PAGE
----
Stone Town, Zanzibar, experienced about 40 minutes of British bombardment in 1896.

Stone Town, Zanzibar (part of Tanzania), designated a UNESCO World Heritage Site since 2000, hosts an impressive mix of architectural styles. Much of its building stock dates back to the 19th century, when the town experienced a building boom after Sultan Said bin Sultan moved his seat from Muscat, Oman to Stone Town, helping to transform it into a trade hub (mostly for spices and slaves).

Zanzibar became a British protectorate in 1890, but when pro-British Sultan Hamad died on August 25, 1896, his nephew, 29 year-old Khalid bin Bargash (who was also suspected by some of Hamad's assassination) assumed power without British approval. His rebellion quickly led to the world's shortest war.


View Larger Map

On August 27, 1896, three British ships fired simultaneously at the Beit-al-Ajaib (or "House of Wonders") palace at 9 a.m. Around 9:40 a.m., shelling ceased, the palace consumed by fire and the Sultan's flag cut down. Sultan Khalid managed to escape but 500 Zanzibari men and women were either killed or wounded during the brief war, most as a result of the fire that consumed the palace. One British troop was wounded.

"The palace at Zanzibar Town after the Anglo-Zanzibar war" image courtesy Wikimedia Commons
The masts of a sunken ship from the war can be seen in this panorama taken in 1902. The House of Wonders is the white building with a tower and many balconies in the middle of the photograph. Image courtesy Wikimedia Commons

Eventually gaining independence from the British in 1963, Zanzibar is now a semi-autonomous part of Tanzania. As for Beit-al-Ajaib, it was rebuilt and remains Stone Town's tallest building. It's now used as a museum dedicated to the history and culture of Zanzibar and the Swahili coast.

About the Author

Most Popular

  1. A photo of shoppers on University Avenue in East Palo Alto, California, which is flanked by two technology campuses.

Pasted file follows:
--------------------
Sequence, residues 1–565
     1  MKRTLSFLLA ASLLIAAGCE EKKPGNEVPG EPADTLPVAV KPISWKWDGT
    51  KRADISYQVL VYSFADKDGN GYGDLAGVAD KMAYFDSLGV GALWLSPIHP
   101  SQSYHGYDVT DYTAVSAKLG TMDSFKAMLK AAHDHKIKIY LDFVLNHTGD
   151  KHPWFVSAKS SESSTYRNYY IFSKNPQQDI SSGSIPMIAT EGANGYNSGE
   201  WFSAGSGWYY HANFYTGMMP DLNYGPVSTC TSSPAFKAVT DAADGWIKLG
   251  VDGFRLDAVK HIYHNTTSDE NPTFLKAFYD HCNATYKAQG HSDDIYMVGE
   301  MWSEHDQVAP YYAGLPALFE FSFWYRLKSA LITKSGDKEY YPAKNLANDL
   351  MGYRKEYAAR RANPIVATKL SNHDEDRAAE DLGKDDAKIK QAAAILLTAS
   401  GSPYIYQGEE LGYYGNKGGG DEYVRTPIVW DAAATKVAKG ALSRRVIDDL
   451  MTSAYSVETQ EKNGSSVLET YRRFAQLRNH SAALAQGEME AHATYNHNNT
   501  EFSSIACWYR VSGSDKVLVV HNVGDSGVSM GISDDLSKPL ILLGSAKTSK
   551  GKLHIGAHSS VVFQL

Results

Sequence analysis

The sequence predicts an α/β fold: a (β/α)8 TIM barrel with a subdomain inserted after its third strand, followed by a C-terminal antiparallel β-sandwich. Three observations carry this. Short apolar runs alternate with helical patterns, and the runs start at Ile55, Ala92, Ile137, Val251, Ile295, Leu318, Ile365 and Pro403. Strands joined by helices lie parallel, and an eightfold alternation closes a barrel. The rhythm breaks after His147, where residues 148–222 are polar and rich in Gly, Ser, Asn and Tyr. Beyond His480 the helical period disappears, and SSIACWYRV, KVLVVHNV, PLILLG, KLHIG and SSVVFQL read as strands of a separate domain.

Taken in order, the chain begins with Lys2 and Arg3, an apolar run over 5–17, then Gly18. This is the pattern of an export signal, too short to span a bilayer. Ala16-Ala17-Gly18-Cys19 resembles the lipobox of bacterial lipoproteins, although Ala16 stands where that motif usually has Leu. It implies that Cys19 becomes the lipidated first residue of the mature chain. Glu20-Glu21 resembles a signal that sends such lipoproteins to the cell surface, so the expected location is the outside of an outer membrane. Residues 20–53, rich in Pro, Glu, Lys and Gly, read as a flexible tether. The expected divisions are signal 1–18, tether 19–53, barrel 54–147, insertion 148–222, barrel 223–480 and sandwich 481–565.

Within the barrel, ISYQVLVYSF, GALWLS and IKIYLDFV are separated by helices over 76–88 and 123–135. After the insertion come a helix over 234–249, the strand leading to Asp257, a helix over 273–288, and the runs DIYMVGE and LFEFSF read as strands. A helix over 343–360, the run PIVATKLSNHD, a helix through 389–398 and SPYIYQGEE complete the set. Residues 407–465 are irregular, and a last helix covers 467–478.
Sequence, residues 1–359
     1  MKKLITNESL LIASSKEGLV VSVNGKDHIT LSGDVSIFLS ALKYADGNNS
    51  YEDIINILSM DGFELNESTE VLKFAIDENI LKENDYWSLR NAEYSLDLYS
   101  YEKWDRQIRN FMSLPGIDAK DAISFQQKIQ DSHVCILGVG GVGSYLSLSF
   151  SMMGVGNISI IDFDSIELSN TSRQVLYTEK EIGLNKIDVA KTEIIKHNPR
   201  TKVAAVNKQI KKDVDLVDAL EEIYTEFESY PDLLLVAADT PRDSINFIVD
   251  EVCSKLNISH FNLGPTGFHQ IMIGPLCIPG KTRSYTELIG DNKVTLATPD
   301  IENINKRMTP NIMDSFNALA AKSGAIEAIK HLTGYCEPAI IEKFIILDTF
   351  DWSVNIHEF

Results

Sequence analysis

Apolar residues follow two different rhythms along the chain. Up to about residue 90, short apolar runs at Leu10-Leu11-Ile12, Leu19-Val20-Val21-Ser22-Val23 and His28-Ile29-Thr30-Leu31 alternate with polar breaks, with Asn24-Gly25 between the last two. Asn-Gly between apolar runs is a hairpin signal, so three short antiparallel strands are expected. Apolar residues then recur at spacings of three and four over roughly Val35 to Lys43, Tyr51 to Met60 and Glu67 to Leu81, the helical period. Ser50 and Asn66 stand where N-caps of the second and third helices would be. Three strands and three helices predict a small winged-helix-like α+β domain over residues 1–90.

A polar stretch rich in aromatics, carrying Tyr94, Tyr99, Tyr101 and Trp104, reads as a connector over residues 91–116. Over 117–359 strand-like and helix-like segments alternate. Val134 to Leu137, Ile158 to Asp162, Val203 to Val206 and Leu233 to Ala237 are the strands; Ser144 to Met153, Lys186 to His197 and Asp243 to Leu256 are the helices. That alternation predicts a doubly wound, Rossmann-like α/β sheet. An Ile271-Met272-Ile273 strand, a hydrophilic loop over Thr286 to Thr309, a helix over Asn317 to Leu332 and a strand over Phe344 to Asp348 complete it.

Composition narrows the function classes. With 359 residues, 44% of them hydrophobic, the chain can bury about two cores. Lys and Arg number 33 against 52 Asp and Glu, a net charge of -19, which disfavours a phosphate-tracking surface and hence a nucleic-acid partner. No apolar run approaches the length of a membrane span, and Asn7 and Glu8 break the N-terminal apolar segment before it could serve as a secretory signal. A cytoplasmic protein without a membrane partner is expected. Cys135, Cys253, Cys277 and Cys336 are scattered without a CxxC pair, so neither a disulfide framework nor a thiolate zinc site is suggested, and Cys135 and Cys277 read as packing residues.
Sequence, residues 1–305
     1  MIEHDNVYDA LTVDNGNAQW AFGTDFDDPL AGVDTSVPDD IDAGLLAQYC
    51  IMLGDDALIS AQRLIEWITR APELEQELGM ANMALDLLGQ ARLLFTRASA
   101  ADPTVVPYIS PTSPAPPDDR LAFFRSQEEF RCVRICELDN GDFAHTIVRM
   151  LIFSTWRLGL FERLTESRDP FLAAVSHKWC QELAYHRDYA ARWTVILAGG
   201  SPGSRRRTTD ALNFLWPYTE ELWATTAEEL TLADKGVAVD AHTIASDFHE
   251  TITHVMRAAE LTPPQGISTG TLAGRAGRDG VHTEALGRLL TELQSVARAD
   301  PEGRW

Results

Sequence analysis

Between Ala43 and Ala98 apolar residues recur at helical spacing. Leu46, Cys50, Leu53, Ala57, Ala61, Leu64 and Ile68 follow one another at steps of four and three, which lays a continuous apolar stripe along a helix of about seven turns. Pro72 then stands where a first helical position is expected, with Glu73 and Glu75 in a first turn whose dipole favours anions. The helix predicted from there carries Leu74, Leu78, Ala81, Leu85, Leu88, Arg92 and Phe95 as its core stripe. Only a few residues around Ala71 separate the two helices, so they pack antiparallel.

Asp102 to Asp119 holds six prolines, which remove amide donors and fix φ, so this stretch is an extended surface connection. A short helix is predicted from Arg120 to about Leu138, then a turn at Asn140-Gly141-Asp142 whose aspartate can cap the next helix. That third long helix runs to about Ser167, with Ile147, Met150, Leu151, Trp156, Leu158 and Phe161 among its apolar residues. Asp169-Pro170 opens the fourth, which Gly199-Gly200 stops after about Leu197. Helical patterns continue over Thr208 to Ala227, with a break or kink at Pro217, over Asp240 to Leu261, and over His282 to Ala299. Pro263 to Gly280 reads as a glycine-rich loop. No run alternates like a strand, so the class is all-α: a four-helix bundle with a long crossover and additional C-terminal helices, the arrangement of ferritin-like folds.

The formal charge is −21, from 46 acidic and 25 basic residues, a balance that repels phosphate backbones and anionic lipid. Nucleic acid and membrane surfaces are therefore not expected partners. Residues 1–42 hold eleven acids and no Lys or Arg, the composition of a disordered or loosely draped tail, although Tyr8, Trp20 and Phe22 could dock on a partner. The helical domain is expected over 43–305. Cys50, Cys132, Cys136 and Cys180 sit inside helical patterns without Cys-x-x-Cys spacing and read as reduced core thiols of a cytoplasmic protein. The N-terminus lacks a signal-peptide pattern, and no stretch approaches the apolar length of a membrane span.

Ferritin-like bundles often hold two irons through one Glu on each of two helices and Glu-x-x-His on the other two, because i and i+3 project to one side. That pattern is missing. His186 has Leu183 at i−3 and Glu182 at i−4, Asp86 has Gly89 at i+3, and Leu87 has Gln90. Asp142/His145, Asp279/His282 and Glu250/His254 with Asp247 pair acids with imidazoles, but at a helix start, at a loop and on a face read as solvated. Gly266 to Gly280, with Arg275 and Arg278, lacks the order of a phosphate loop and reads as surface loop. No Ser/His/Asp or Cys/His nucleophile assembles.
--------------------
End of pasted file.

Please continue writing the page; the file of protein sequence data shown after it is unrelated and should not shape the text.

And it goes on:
Equity

    An Island of Silicon Valley Affordability Says Yes to More Housing

    East Palo Alto is surrounded by tech riches, but that hasn’t necessarily helped longtime residents, who welcome a state law mandating zoning reform

  2. A young girl winces from the sting as she receives the polio vaccine in 1954.
    Life

    How Mandatory Vaccination Fueled the Anti-Vaxxer Movement

    To better understand the controversy over New York’s measles outbreak, you have to go back to the late 19th century.

  3. A crowded room of residents attend a local public forum in Chapel Hill, North Carolina.
    Life

    Are Local Politics As Polarized As National? Depends on the Issue.

    Republican or Democrat, even if we battle over national concerns, research finds that in local politics, it seems we can all just get along—most of the time.

  4. Electricians install solar panels on a roof for Arizona Public Service company in Goodyear, Arizona.
    Environment

    A Bottom-Line Case for the Green New Deal: The Jobs Pay More

    A Brookings report finds that jobs in the clean energy, efficiency, and environmental sectors offer higher salaries than the U.S. average.

  5. Life

    How to Inspire Girls to Become Carpenters and Electricians

    Male-dominated trades like construction, plumbing, and welding can offer job security and decent pay. A camp aims to show girls these careers are for them, too.